Donald Trump descends a set of stairs connected to the door of his plane, which is emblazoned with an American flag on its tail.
Former President Donald Trump descends his plane in Atlanta, Georgia, as he heads to the Fulton County jail on August 24 [Alex Brandon/AP Photo]

A swift booking

When Trump did arrive at the jail, his arrest and booking process went swiftly – in part because his lawyers had already hashed out the bond agreement on Monday.

“Normally, people who are arrested have to find a lawyer, get time, make certain that there’s a prosecutor there in the courtroom, be there when the magistrate judge is on hand, and then they have to spend the time hammering out those details,” Al Jazeera correspondent Rosiland Jordan explained.

“Donald Trump and his legal team got rid of the complicated work first,” she continued. “He spent more time flying here, frankly, than he did actually in the jail this evening.”

Booking involves the creation of an arrest record through the collection of fingerprints and personal details for all the defendants.

In the Georgia case, Trump was not spared from having his mugshot taken as he had in his previous three criminal indictments.

Fulton County Sheriff Pat Labat had previously told Atlanta-area media that Trump and his 18 co-defendants would be treated like any other person facing arrest.

“Unless somebody tells me differently, we are following our normal practices, and so it doesn’t matter your status. We’ll have a mugshot ready for you,” Labat explained to the news station WSB-TV.

In many jurisdictions, authorities have discretion over whether to take a booking photo – and previously, in Trump’s case, officials had deemed him recognisable enough not to need one for identification purposes.

Late on Thursday, Trump embraced his Georgia mugshot, using it to announce his return to the social media platform X, formerly known as Twitter. He had not posted since his suspension from the site in January 2021, after his supporters attacked the US Capitol in an attempt to overturn his 2020 election defeat.

“Never surrender!” Trump wrote alongside his booking photo, with a link to his 2024 presidential campaign.

A composite photo of Donald Trump and his co-defendants' mug shots.
Trump and his co-defendants face a deadline of Friday at noon local time to surrender to Georgia authorities [Fulton County Sheriff’s Office/Handout via Reuters]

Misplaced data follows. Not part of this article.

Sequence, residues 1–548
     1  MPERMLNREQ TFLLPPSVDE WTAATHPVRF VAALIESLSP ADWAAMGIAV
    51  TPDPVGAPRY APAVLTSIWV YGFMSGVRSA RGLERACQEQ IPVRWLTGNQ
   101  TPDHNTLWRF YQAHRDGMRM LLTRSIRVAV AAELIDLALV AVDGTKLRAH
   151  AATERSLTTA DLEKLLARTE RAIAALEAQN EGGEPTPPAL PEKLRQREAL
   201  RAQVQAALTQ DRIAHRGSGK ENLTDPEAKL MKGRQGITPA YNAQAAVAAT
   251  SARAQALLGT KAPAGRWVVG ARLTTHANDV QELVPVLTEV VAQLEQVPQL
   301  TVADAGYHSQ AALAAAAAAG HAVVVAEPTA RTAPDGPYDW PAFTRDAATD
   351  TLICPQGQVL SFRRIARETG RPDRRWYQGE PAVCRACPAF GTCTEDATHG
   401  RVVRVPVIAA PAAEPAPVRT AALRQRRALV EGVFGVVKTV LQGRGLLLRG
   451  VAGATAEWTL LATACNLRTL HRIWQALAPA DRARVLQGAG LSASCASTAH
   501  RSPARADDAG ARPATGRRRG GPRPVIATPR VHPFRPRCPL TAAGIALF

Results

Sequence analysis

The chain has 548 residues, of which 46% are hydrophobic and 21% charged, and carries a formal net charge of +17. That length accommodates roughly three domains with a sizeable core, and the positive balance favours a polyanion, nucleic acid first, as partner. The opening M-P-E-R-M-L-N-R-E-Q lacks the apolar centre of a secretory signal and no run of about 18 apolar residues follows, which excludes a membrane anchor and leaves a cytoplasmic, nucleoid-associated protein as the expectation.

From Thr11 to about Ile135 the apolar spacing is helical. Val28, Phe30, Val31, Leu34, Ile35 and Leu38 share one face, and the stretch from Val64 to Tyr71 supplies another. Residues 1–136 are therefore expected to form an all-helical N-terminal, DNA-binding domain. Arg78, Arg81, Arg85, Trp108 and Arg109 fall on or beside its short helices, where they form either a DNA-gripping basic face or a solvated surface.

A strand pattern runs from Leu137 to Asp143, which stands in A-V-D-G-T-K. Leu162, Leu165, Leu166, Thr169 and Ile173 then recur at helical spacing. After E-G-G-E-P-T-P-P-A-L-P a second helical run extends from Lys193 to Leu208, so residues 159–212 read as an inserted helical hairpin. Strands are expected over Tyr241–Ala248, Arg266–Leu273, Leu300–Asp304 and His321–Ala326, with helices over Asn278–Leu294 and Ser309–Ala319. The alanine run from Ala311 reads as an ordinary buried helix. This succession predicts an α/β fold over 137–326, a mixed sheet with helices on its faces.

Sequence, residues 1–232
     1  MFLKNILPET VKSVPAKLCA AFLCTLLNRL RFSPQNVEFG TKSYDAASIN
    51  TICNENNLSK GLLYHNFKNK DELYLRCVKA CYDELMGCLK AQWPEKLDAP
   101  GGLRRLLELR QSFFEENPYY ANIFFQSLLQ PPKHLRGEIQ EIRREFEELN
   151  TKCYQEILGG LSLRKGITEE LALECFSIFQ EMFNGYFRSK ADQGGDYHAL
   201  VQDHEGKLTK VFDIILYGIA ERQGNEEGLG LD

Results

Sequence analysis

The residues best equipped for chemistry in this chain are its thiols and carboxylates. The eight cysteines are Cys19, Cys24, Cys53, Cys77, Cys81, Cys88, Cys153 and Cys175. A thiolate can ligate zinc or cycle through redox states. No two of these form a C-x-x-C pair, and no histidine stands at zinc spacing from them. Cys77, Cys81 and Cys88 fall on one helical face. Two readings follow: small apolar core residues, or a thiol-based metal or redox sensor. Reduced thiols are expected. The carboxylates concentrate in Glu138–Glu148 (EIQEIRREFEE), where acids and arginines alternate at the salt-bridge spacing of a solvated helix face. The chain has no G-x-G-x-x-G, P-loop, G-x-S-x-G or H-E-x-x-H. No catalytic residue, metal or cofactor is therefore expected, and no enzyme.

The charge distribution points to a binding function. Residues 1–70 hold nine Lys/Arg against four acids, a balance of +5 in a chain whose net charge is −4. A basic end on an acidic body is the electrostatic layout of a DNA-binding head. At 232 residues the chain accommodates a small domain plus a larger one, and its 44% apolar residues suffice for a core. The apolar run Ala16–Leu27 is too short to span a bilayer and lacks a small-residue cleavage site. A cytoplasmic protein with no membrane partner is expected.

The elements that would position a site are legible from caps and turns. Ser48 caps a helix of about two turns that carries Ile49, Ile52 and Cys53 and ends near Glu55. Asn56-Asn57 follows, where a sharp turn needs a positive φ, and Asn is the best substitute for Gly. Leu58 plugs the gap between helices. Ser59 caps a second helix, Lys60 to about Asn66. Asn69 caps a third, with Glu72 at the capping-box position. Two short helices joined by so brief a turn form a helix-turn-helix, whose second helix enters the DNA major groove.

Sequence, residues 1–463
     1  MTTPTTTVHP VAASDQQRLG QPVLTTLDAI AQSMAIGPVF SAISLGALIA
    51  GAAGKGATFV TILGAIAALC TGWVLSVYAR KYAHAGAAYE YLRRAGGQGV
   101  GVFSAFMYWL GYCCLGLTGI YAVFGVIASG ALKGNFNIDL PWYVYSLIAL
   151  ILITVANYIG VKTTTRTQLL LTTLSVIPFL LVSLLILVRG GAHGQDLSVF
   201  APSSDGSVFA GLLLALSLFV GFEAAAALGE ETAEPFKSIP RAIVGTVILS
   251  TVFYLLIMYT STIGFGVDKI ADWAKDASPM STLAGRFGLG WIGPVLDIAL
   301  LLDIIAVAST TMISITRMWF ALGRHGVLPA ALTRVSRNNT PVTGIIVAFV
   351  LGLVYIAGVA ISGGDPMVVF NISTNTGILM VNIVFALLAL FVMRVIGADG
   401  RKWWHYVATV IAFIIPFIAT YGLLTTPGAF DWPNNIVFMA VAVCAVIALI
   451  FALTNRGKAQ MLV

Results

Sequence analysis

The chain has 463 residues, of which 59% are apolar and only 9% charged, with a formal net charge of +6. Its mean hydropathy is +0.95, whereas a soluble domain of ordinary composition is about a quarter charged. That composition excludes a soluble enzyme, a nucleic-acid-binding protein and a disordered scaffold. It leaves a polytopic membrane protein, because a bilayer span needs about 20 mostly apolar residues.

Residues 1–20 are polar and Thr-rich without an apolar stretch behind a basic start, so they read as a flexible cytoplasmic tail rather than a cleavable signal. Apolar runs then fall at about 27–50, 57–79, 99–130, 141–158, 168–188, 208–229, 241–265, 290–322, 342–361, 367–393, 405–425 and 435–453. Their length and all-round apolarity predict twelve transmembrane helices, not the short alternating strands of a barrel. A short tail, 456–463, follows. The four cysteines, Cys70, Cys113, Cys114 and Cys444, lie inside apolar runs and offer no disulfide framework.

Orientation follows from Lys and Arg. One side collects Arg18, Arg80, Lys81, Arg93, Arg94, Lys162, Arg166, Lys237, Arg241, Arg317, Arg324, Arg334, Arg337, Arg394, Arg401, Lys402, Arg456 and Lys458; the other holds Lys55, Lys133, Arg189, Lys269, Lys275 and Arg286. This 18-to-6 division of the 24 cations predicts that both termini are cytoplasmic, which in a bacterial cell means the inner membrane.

Georgia marks Trump’s fourth indictment

For Trump, the Georgia case marks his fourth indictment, bringing the total number of criminal charges against the former president to 91.

Thirteen of those charges come from the Georgia investigation, which resulted in a wide-ranging, 98-page indictment using the state’s Racketeer Influenced and Corrupt Organizations Act (RICO).

RICO allows prosecutors to prosecute multiple people at the same time for committing separate crimes but working towards a common goal. For that reason, it is commonly deployed against criminal organisations like gangs.

In the case of Trump and his allies, prosecutors focused on their alleged efforts to subvert Georgia’s presidential election results in 2020. Democrat Joe Biden had narrowly won the state, but in the wake of his defeat, Trump proceeded to push state officials to “find” more votes in his favour, according to prosecutors.

His charges include soliciting a public official to violate their oath of office, filing false statements, conspiracy to commit forgery and conspiracy to impersonate a public officer.

Trump calls indictments a ‘travesty’

Trump also faces election interference charges at the federal level.

On August 1, Special Counsel Jack Smith unveiled a streamlined indictment with just four charges, including conspiracy to defraud the government, conspiracy against rights and two counts of conspiracy to obstruct official proceedings.

The indictment detailed false statements Trump made to allegedly spur the Capitol attack on January 6, 2021, as well as pressure campaigns he is accused of leading against public officials.

Trump became the first president to face criminal charges in April, when Manhattan District Attorney Alvin Bragg filed charges of falsifying business records in a case related to hush-money payments during the 2016 presidential race.

And in June, the first federal indictment against Trump arrived, accusing the former president of mishandling classified documents after his departure from office.

Trump has denied all the charges, calling them a “witch hunt” designed to derail his 2024 presidential race. “What has taken place here is a travesty of justice. We did nothing wrong. I did nothing wrong. And everybody knows it,” he said from Georgia on Thursday.

He is currently the frontrunner among the 2024 Republican presidential hopefuls.

Source: Al Jazeera